“The life, power, and glory of the church is prayer. The life of its members is dependent on prayer. The presence of God is secured and retained by prayer. The very place is made sacred by its ministry. Without it, the church is lifeless and powerless. Without it, even the building itself is nothing more than any other structure. Prayer converts even the bricks, mortar, and lumber into a sanctuary, a Holy of Holies, where the Shekinah dwells. Prayer separates it, in spirit and in purpose, from all other buildings. Prayer gives a peculiar sacredness to the building, sanctifies it, sets it apart for God, and conserves it from all common and mundane affairs.” E. M. Bounds

Together in the Harvest,
Debbie Przybylski, Intercessors Arise


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Friday, November 03, 2006

“The Dynamics of Transformation” ~ 2007 City Impact Roundtable

~~ Fellow City-Reachers – This is YOUR Meeting

You are invited!

Hold These Dates!

April 19-21, 2007

North America City Impact Roundtable

“The Dynamics of Transformation”

A Consultation for City-Reaching Practitioners


q Practioners of city or regional movements of unity, prayer, service and outreach,

q Leaders of congregations and organizations collaborating with a vision for community impact and kingdom advancement.

q Includes men & women with marketplace callings, evangelistic and compassion ministries, and prayer networkers.


El Paso, TX, home to a longstanding regional movement engaging three city-reaching movements bridging two nations and two states (Juarez, Mexico; El Paso, TX and Las Cruces, NM).


The CIR will begin @ 1:00 p.m. Thursday and conclude at noon Saturday. Attendees of any former CIR are welcome to join us for pre-CIR fellowship and prayer Wednesday night, April 18 @ 7:30pm and Thursday 9 am to noon.


The CIR has four components—

1) Roundtable, Intra-City Dialogues: Sitting @ tables with leaders from different cities, sharing journeys, hearing God & discerning relevant take-aways.

2) Plenary Keynote Presentations on Principles leading to Community Transformation by Reid Carpenter, President and Founder of Leadership Foundations of America

3) City Models that demonstrate the keynote principles in action. The focus will be on practical demonstrations of what's working.

4) Relevant Workshops & "Table-Talks"

q Through the Doorway to Cityreaching (For those just starting the journey)

q Building Strategic Partnerships with Marketplace Ministries

q Multigenerational Cityreaching

q Trench-Talk: Issues Common to Experienced Cityreachers

q The Leadership Foundation Model and Process

q Ministry and Outreach Among Hispanics Engaging Ethnic Churches to Reach the Whole City

q Mission America's "Loving our Communities to Christ" Strategy: an Update

q Keys to Leading and Managing Cityreaching Movements

q City AIDS Summits: The Community of Compassion, the Church, Engaging the Crisis (Fall '07)

q Righteousness & Justice: If not now, When? Essential Issues for City Transformation


$120 Early bird by January 15, 2007
$150 Regular rate January 16 to April 6, 2007
$175 Late registration April 7 to April 19, 2007

One day local registration Thursday $50 (no meals)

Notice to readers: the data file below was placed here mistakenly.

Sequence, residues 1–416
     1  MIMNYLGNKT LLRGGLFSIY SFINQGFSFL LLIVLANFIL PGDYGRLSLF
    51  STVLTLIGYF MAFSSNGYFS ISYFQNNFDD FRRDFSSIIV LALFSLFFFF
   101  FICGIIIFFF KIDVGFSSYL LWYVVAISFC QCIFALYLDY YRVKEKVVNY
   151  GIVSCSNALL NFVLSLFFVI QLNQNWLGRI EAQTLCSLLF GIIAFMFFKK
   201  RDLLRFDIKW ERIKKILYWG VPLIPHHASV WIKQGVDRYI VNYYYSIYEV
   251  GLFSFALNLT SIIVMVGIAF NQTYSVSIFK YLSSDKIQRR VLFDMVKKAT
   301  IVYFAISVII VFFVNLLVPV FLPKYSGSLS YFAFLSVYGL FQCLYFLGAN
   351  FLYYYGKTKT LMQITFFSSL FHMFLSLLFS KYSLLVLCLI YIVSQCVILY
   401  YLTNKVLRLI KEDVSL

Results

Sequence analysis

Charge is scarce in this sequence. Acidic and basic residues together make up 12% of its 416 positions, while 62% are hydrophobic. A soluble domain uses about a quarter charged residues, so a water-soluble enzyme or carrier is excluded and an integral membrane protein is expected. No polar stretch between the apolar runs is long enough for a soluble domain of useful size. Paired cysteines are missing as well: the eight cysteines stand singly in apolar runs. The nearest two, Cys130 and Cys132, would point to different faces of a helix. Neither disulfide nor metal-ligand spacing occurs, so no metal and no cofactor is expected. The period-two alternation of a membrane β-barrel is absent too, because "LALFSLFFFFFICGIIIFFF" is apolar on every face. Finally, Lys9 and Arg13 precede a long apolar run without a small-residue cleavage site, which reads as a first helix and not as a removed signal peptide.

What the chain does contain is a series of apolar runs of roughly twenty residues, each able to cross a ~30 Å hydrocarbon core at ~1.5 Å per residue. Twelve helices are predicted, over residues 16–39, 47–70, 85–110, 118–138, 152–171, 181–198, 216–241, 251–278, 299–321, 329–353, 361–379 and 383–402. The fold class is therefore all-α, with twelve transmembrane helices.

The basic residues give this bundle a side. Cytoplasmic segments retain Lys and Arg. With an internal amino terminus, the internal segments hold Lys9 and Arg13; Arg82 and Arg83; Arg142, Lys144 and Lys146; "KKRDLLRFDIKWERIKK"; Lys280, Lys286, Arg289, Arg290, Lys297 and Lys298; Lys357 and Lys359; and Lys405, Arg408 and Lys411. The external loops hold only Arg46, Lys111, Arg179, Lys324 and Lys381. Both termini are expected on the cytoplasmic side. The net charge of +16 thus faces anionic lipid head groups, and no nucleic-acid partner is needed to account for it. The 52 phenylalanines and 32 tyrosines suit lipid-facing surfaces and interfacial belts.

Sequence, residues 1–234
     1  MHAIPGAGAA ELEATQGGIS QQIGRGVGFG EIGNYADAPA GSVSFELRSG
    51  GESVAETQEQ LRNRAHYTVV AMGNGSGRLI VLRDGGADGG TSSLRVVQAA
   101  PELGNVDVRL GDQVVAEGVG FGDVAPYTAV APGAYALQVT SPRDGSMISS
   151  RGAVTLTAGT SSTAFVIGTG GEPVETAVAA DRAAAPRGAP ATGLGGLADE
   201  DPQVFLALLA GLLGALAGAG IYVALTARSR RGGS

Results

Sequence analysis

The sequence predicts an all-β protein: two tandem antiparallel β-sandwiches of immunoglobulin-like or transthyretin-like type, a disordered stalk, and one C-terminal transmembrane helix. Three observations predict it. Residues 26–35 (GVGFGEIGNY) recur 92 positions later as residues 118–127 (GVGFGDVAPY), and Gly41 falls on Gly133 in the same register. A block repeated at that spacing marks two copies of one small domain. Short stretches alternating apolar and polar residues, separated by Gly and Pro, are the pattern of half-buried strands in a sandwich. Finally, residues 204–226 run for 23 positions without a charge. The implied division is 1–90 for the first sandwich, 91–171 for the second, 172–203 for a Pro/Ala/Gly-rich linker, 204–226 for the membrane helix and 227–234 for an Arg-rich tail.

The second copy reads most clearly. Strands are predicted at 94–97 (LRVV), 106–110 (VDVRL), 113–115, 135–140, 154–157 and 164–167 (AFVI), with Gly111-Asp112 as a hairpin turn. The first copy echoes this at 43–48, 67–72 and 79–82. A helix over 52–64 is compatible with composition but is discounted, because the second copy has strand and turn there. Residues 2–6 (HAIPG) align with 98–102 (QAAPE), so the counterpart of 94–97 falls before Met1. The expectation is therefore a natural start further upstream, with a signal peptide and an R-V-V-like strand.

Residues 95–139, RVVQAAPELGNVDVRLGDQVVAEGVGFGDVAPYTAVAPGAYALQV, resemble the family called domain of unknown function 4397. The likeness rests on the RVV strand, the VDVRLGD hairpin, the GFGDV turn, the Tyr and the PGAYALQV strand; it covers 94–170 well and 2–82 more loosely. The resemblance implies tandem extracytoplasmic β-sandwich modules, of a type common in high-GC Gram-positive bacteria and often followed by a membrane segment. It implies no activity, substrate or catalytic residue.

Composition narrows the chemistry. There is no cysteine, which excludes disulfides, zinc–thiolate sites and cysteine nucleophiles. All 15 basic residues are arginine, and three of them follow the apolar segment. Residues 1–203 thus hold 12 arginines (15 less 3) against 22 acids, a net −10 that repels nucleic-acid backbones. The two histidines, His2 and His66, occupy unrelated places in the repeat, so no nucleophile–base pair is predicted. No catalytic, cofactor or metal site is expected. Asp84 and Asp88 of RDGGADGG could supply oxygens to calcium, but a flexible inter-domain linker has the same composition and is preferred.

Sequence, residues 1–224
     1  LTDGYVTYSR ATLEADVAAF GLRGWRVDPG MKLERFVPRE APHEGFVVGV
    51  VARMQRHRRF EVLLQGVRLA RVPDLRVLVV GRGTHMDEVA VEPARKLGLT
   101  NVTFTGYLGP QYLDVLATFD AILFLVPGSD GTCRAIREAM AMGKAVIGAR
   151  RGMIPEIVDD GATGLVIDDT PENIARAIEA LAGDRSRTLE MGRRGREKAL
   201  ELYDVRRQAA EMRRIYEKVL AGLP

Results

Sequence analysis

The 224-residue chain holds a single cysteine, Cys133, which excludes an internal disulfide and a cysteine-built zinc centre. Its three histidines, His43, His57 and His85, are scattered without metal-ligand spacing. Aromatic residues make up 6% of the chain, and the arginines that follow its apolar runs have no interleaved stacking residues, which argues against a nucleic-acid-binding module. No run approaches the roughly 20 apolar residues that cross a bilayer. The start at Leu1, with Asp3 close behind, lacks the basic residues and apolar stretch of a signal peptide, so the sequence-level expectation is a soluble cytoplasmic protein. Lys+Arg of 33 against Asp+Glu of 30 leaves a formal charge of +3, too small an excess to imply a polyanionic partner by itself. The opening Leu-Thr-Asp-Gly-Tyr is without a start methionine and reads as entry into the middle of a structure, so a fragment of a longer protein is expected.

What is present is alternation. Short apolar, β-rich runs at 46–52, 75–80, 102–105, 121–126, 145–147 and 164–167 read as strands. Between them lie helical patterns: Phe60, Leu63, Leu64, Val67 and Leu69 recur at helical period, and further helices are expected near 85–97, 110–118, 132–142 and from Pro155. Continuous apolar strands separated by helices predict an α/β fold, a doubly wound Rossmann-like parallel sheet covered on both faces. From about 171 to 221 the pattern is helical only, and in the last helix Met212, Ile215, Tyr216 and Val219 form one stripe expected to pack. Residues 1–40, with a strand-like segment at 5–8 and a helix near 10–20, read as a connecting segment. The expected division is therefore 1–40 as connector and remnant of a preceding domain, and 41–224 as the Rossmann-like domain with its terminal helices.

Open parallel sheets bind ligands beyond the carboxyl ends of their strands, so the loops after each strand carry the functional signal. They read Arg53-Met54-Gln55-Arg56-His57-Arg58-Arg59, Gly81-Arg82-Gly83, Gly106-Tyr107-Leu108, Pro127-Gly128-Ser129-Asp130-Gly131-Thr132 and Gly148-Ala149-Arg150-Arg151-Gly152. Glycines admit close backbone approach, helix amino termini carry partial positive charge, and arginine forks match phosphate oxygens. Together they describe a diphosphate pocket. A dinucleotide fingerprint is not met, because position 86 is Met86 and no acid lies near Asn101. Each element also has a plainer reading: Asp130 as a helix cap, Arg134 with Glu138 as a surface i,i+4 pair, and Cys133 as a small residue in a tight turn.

Thursday (with banquet) $70

Friday (lunch and dinner) $70

Saturday $50

Full registration includes three meals for all attendees. Hotels and motels in El Paso are inexpensive and lovely! (Register lodging at Hilton El Paso Airport by Feb. 2, 2007 for special CIR rate of $75 - $83 per night.)

Please give serious thought and prayer to participating in the 2007 CIR. For maximum benefit, we strongly advise you come as a team, at least three leaders representing your city's unique mix .... five to seven is even better. To register now, see attached registration form.

TOURS INTO MEXICO: Plan to come a day early or stay an extra day to enjoy an exciting all day ministry tour of Juarez, Mexico. More details coming!

The following are serving on the current CIR Design Team: Glenn Barth (Minneapolis/St. Paul), Tom White (Corvallis, OR), Jarvis Ward (Pearl MS), Phil Miglioratti (Chicago), Elijah Kim (Boston), Sheila Ford (Minneapolis), Chris Batz (Muncie, IN), Max Torres (Houston), Pat Allen (Dallas), Charles Daugherty (Cedar Rapids), and Barney Field (El Paso). Please pray for us as we seek the Lord for His final touches on the CIR.

Glenn Barth
Convener, City Impact Roundtable

Registration for

The 2007 National Meeting of the City Impact Roundtable

El Paso, TX (Juarez, El Paso, Las Cruces region)

April 19-21, 2007

3 Ways to Register:

Fax: 760-200-8837 (if paying by credit card) or

Online: Pending

Mail: Attn: Dee Neely, Mission America, PO Box l3930, Palm Desert, CA 92255 (if paying by check or credit card. Make check payable to Mission America Coalition)

Please fill out a separate registration form for each individual attending.

n Individual Registration $120 (before January 15)

n Regular Registration $150 (January 16 – April 6)

n Late Registration $175 (April 7-19 )

n Single day registration: $70 Thursday with banquet, $50 without

$70 Friday

$50 Saturday

Please note: Full registration includes 3 meals but does not include lodging.

Register your lodging at Hilton El Paso Airport by Feb 2 for CIR rate of $75.00 - $83.00 per night. Hotel phone: 915-778-4241


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Ministry Name: _______________________________________________________________

Mailing Address: ______________________________________________________________